Christmas in Ireland is HUGE. Irish Christmas traditions boast deep origins, both Christian and pagan, that live on into the 21st century.
Christmas in Ireland – What to Expect
First time visitors are often surprised at the scale of Christmas in Ireland. The country effectively slows to a halt for a week between Christmas Eve and New Year’s Day. Retail opening times and public transport are restricted. Many offices and places of work will shut during this period, as friends and family travel to celebrate Christmas together.
There is lots of food and drink to be had at Christmas in Ireland. Irish people love an excuse to celebrate. And our Christmas celebrations always revolve around cooking, eating and alcohol!
Raising Money For Charity over Christmas
From Christmas Day swims to fun runs, Irish people love raising money for charitable causes over Christmas. Getting a blast of cold winter air, or icy sea water, is a perfect way to appreciate your cosy hearth. Dinner always tastes better after taking part in one of these events!
The Celtic Black Friday – Feast of the Immaculate Conception
Known as the Feast of the Immaculate Conception, the 8th of December began as a religious holiday, but has taken on new significance in Ireland. Here, it is traditionally a day when rural Ireland descended on Dublin en masse, to do their Christmas shopping. There was a hardly any space to park your tractor!
In recent years, this practice has become less popular. Rural Ireland nowadays has shopping centres of its own. And farming families shop online just like everyone else! Yes, Black Friday and Cyber Monday are popular here too.
Christmas Trees, Holly and Other Plants
The tradition of erecting and decorating an evergreen tree in our living rooms arrived in 19th century Ireland via the German-born Prince Albert, husband to the British Queen Victoria.
However, the custom has deeper roots still. Before modern prosperity, Irish people decorated their homes with all manner of greenery. Holly and laurel, for example, are plentiful in Ireland during winter time. In times past, these plants were considered a way to ward off evil spirits from your home. Finding a holly bush with lots of berries, was traditionally considered a lucky omen for the year ahead. However, if the berries emerged earlier than December, folklore dictated a harsh winter was to follow!
Today, Irish people use the rich green leaves and bright red berries of holly to add colour to their homes at Christmas.
Customs around mistletoe date back to Norse times, where the plant was seen as warding off evil spirit and bringing good luck. Similar to now, it was hung over the door. The custom of kissing under the Mistletoe also dates back to this era. Some say this is the best bit of Christmas!
An Irish Catholic tradition, a lit candle in a window symbolises that the homeowner would welcome in Jesus, Mary and Joseph, the holy family, unlike the innkeeper in Bethlehem that turned them away. It is also seen as a welcome to any guests or family members returning from far away. The youngest member of the family traditionally lit the candle.
During penal times in Ireland, when practicing the Catholic faith was outlawed, a lit candle was a sign that it was safe to say mass in the home.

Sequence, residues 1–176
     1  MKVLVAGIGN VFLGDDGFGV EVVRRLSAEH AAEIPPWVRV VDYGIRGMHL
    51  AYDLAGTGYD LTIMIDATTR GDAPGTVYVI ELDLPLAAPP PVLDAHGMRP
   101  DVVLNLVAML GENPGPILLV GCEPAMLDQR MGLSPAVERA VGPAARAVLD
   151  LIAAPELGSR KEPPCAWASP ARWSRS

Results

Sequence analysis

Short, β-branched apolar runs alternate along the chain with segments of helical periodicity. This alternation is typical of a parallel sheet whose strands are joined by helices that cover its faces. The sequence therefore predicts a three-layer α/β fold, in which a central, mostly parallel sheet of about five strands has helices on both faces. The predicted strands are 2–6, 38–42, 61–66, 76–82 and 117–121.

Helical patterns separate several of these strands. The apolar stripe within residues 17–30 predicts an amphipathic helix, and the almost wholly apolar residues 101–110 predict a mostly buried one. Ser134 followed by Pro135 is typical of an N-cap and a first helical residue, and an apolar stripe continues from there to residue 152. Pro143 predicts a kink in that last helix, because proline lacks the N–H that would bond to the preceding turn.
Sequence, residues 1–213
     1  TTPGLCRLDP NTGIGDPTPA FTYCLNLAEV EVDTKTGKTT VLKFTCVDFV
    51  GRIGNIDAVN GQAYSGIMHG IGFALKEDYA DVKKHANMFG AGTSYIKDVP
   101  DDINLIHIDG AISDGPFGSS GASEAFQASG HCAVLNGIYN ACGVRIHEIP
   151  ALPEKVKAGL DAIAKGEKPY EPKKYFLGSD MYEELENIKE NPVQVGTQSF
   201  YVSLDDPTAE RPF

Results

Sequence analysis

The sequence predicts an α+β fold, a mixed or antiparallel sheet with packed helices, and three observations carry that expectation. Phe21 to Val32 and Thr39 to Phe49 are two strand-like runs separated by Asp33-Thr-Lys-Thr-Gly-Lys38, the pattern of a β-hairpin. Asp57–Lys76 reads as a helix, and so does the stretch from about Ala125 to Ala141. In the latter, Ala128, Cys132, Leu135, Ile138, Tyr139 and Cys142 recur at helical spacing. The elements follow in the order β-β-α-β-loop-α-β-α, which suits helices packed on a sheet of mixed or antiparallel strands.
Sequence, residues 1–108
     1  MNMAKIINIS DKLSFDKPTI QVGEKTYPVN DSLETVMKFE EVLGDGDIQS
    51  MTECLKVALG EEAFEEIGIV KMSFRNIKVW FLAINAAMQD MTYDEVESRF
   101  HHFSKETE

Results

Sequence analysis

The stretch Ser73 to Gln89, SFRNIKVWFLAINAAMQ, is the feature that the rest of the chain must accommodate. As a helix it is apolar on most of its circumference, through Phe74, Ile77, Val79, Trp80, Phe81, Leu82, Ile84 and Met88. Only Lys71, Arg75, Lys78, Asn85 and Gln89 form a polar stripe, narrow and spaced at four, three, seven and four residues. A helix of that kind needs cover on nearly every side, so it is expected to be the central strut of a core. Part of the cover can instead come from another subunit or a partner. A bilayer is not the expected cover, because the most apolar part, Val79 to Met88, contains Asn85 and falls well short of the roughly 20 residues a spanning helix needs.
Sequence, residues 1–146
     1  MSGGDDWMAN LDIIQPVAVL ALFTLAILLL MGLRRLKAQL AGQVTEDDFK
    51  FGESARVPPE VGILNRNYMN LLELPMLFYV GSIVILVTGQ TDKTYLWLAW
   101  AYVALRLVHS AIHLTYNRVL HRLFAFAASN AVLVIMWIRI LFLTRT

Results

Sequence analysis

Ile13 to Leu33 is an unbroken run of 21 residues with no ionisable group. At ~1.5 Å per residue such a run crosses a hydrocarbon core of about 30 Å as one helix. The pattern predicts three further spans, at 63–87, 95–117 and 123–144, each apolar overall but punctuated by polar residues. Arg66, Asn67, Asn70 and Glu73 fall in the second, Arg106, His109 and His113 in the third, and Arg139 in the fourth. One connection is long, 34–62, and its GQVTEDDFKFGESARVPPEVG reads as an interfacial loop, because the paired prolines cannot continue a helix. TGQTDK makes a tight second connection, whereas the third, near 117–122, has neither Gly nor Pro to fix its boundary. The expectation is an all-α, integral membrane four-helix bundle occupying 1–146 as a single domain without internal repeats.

St Stephen’s Day/Boxing Day December 26th
The day after Christmas is a public holiday in Ireland. In the Republic of Ireland, this is known as St Stephen’s Day, after the first Catholic martyr. In Northern Ireland and the rest of the UK, 26th of December is known as Boxing Day. This is because, traditionally, servants and tradesmen were given gifts in boxes from their masters and clients on that day.
In modern times, Irish people often spend 26th December relaxing, with no pressure to cook or entertain. It’s a day to go for a long walk with your family and work off some of that Christmas Day dinner! Brave souls may even go for a quick St Stephen’s Day swim.
In bygone years, 26th December was synonymous with the Wren Boys in Ireland. It still is in certain rural areas, notably Dingle.
The Wren Boys are groups of men, dressed up in straw hats and colourful costumes, with painted faces. They would go door to door, playing music and looking for money to ‘bury the wren’. In ancient times, the wren was hugely symbolic to the Celts. At one time the wren was hunted and nailed to a pole. For this reason the day was also called ‘hunting the wren’. Thankfully, this part of the tradition has died out.
Nollaig na mBan/Women’s Christmas – 6th January
6th January has many names. Known as Little Christmas or Epiphany in other countries, in Ireland, 6th January is known as Nollaig na mBan (pronounced Null-ig na mon), or, Women’s Christmas.
Customarily, this was a day for Irish women to rest after working hard over Christmas. Men took care of the children and chores. Today, of course, in modern, secular Ireland, household duties are shared (we hope!). For most, Nollaig na mBan is the end of the Christmas period; the twelfth night, when Irish people traditionally take down their Christmas trees, lights, candles, holly and other decorations.
Irish Christmas Phrases
How to say Merry Christmas in Irish?
Nollaig Shona Duit – (pronounced Null-ig hun na dit)
How to say Santa Claus in Irish?
Daidí na Nollaig – (pronounced daddy na null-ig)
How to say Season Greetings in Irish?
Beannachtaí an tSéasúir – (pronounced BAN-ock-tee on Tay-zure)